The four key lessons from Tuesday's primaries and special elections.

Who's winning, who's losing, and why.
May 17 2010 8:00 PM

Primary School

The four key lessons from Tuesday's elections in Pennsylvania, Kentucky, and Arkansas.

Sen. Arlen Specter. Click image to expand.
Sen. Arlen Specter

We know that this is a "throw the bums out" election. Tuesday, voters in Pennsylvania, Arkansas, and Kentucky will give us a sign of just how far they want to throw them. In three party primaries and one special election, voters will offer hints about their mood toward the president's policies as well as incumbents in both parties that will help shape the political decisions for the rest of the year. Here's a look at each of the big races:

John Dickerson John Dickerson

John Dickerson is Slate's chief political correspondent and author of On Her Trail. Read his series on the presidency and on risk.

Pennsylvania Democratic Senate
Sen. Arlen Specter is indestructible. He's survived two bouts with cancer, arguments with Anita Hill that horrified female voters, and the authorship of the much-derided "single-bullet theory" of the Kennedy assassination. (His quixotic bid for the 1996 presidential nomination as a pro-choice Republican was such a long shot it doesn't even count.) If Specter loses the Democratic primary, it will mark a historic political moment.

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There are two kinds of angry voters this year: those who think their party's representatives have been insufficiently respectful of their party's ideology, and those who think Washington politicians are only concerned with saving their jobs. Specter, who switched to the Democratic Party in 2009 after 30 years as a Republican senator, has managed to irritate both groups.

The race is embarrassing for the White House because it shows the limits of presidential political power. Obama's aides failed to persuade Specter's opponent, Rep. Joe Sestak, to get out of the race. And the president's political power is so limited, he dared not risk it by swooping in at the last minute to campaign for Specter. Obama's campaigning against Republicans in Massachusetts and New Jersey didn't help much. Why risk it in Pennsylvania?

The most important thing the president could do Tuesday is what he is doing: campaigning in Youngstown, Ohio, for his stimulus package. Obama may lack influence in a quirky intraparty battle. But he can affect the general election dynamic by improving the way voters feel about the role Democrats played in improving the economy. To do that, he has to create a link in the minds of voters between an improving economy and his policies.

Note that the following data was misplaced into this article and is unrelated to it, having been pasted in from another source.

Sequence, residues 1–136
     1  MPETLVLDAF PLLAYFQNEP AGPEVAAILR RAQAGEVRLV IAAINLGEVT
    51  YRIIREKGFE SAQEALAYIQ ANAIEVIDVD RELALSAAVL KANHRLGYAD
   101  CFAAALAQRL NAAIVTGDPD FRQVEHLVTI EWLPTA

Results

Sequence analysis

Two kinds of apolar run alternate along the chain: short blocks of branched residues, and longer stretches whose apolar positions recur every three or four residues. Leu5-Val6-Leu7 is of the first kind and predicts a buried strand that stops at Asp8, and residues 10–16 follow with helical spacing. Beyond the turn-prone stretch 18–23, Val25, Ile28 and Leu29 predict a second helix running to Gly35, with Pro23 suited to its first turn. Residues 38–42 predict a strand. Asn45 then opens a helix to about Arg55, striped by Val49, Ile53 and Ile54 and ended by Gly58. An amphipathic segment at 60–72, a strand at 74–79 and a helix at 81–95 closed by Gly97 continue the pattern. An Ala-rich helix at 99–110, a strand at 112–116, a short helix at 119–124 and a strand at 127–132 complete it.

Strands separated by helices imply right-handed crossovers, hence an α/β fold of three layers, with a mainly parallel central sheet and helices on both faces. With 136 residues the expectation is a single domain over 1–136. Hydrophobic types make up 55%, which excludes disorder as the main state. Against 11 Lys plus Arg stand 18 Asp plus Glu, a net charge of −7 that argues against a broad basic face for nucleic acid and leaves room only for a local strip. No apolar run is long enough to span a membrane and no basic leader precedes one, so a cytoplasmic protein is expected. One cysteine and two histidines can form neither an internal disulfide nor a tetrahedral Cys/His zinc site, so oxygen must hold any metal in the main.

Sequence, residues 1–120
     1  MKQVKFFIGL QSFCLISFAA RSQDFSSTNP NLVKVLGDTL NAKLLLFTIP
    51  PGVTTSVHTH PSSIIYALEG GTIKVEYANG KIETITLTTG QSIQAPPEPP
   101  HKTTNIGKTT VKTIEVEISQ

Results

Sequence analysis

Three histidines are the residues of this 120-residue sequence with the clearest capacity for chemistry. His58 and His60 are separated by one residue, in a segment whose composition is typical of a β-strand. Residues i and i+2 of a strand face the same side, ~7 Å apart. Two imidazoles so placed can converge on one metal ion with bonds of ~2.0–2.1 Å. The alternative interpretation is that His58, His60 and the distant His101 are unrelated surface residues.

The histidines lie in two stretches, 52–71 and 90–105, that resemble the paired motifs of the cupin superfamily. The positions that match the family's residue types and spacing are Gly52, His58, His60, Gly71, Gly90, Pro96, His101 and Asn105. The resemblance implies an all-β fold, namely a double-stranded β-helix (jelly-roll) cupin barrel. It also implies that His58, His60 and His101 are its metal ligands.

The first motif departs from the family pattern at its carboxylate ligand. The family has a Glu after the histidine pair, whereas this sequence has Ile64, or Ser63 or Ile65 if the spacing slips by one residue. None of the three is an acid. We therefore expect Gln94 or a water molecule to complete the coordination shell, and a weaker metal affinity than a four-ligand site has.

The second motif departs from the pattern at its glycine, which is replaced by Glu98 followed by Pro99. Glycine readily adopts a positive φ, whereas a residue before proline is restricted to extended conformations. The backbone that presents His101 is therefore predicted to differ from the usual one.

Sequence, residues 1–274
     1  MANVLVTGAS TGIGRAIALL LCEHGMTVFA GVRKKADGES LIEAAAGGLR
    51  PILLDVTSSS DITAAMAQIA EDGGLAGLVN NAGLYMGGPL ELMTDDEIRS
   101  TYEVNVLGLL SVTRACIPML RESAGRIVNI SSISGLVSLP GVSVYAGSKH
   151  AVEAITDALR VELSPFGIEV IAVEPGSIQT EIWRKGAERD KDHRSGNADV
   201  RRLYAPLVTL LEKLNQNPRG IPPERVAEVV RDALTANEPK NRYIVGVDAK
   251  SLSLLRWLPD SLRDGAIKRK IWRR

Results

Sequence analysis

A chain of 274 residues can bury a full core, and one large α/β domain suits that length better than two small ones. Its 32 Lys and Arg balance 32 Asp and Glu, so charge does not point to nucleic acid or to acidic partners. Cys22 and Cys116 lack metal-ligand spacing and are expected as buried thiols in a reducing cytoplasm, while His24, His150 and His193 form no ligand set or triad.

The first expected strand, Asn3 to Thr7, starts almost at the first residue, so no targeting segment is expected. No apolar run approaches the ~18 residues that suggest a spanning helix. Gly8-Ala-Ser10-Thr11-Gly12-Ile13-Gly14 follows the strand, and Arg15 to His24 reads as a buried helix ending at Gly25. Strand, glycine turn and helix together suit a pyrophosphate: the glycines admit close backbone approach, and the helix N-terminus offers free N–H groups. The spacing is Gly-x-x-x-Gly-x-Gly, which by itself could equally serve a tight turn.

Then, he'll have to convince voters that the less popular Democrats in Congress deserve praise for that too—a lot to accomplish by November.  It's not an easy sell. In the latest Wall Street Journal/NBC News poll, only 18 percent said the stimulus package had been effective—but at least Obama has a shot at changing their minds. And 573,000 jobs have been created over the last four months—at least there's a chance that trend could continue.

Arkansas Democratic Senate Primary
In a year of anti-incumbent and anti-establishment sentiment, Sen. Blanche Lincoln may survive not because she distanced herself from Washington, but because she knew how to use her experience to her advantage. The primary challenge from her left allowed her to establish herself as independent, an important thing this election year. In her early television ad, she declared: "I don't answer to my party. I answer to Arkansas." She then used the power of her position to undermine the case being made against her. As chairman of the agriculture committee, which matters in a state where 25 percent of the economy comes from agriculture, she spearheaded an anti-derivatives bill that was even harsher on Wall Street firms than legislation the White House was promoting. This helped her combat the claim that she was too close to corporate America—and allowed Obama to herald her in a radio ad as "leading the fight to hold Wall Street accountable and make sure that Arkansas taxpayers are never again asked to bail out Wall Street bankers."

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